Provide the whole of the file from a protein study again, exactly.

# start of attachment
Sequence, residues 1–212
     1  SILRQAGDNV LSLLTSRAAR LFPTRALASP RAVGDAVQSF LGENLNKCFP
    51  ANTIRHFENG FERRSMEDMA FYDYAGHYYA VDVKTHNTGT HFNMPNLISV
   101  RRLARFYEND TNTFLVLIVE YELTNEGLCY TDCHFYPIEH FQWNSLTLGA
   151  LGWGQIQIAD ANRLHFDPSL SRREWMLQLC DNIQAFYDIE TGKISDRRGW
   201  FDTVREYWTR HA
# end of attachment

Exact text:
Sequence, residues 1–212
     1  SILRQAGDNV LSLLTSRAAR LFPTRALASP RAVGDAVQSF LGENLNKCFP
    51  ANTIRHFENG FERRSMEDMA FYDYAGHYYA VDVKTHNTGT HFNMPNLISV
   101  RRLARFYEND TNTFLVLIVE YELTNEGLCY TDCHFYPIEH FQWNSLTLGA
   151  LGWGQIQIAD ANRLHFDPSL SRREWMLQLC DNIQAFYDIE TGKISDRRGW
   201  FDTVREYWTR HA